This handout photo made available by the European Southern Observatory on March 5, 2021 shows an artist's impression of how the distant quasar P172+18 and its radio jets may have looked. Photograph:( AFP )
Among the brightest objects in the universe, quasars are found at the centre of some galaxies and are powered by black holes that are supermassive. The quasar in question is peculiarly important for it is "radio-loud"
Scientists recently discovered the most distant radio blast known to mankind. The blast emanated from a quasar which is situated far away, and took at least 13 billion years to reach Earth, implying that the signals are from a long time ago - precisely when the universe was just 780 million years old.
But what are quasars? Among the brightest objects in the universe, quasars are found at the centre of some galaxies and are powered by black holes that are supermassive. The quasar in question is peculiar for it is "radio-loud". Such quasars have jets that throw out radio emissions, and only 10 per cent of all quasars are able to do this.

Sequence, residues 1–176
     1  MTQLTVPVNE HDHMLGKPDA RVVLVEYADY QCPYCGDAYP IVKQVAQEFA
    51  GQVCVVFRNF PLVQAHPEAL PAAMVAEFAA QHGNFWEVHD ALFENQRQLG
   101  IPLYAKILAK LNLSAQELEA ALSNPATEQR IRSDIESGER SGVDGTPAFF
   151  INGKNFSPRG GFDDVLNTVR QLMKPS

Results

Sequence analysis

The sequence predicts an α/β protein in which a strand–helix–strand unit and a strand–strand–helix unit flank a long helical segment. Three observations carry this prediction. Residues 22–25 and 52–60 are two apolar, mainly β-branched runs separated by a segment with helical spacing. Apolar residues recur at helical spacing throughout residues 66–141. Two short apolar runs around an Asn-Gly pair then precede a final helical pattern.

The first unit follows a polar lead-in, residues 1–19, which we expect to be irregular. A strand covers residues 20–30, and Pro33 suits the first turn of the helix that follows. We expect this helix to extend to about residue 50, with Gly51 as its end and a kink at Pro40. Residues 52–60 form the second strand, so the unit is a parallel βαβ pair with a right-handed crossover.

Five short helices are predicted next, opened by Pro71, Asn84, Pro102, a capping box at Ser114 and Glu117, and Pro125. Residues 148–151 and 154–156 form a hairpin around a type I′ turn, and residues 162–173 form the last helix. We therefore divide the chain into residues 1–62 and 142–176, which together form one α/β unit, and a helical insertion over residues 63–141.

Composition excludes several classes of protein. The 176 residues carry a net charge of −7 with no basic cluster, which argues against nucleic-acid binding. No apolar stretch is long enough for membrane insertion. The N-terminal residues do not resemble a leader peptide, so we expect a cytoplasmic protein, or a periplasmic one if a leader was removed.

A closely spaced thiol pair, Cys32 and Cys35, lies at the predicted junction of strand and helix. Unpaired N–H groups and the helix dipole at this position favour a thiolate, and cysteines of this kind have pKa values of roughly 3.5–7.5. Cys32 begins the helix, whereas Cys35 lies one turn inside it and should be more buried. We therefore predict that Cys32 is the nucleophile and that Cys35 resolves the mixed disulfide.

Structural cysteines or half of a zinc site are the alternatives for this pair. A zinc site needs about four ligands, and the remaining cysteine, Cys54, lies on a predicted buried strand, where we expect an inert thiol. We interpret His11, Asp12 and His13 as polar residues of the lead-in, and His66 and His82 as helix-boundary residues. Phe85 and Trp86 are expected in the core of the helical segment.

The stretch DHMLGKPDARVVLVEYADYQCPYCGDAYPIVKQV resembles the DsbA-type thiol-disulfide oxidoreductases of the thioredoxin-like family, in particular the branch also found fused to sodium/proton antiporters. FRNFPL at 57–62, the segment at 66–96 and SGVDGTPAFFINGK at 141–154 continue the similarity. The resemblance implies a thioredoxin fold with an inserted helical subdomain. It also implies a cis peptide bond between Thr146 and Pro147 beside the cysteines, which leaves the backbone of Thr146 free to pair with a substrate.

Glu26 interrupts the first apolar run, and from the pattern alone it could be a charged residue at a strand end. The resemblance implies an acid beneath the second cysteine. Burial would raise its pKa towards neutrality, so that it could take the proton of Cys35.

This marks the first time radio jets have been found from so farther off in the universe. Scientists have been able to find many objects dating back to the first billion years of the universe in the last 10 years. Even then, finding objects that emit radio signals has remained difficult.
The quasar is named P172+18, and is powered by a massive black hole - 300 times bigger than our own Sun, which continues to devour everything around it, and remains one of the fastest-growing black holes observed.
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Chiara Mazzucchelli, one of the scientists from the European Southern Observatory who found the object told The Independent newspaper that it holds the "building block" to understanding the ancient Universe, which in turn would help us understand our origins.
The scientists inspected the quasar from the Magellan Telescope at Las Campanas Observatory in Chile, after which they found that the radio blast was emanating from a far-off quasar.
Thanks to sophisticated equipment including the ESO's "Very Large Telescope" enabled scientists to observe the black hole and the quasar in detail. The findings from the paper titled "The discovery of a highly accreting, radio-loud quasar at z=6.82'' is set to be published in The Astrophysical Journal.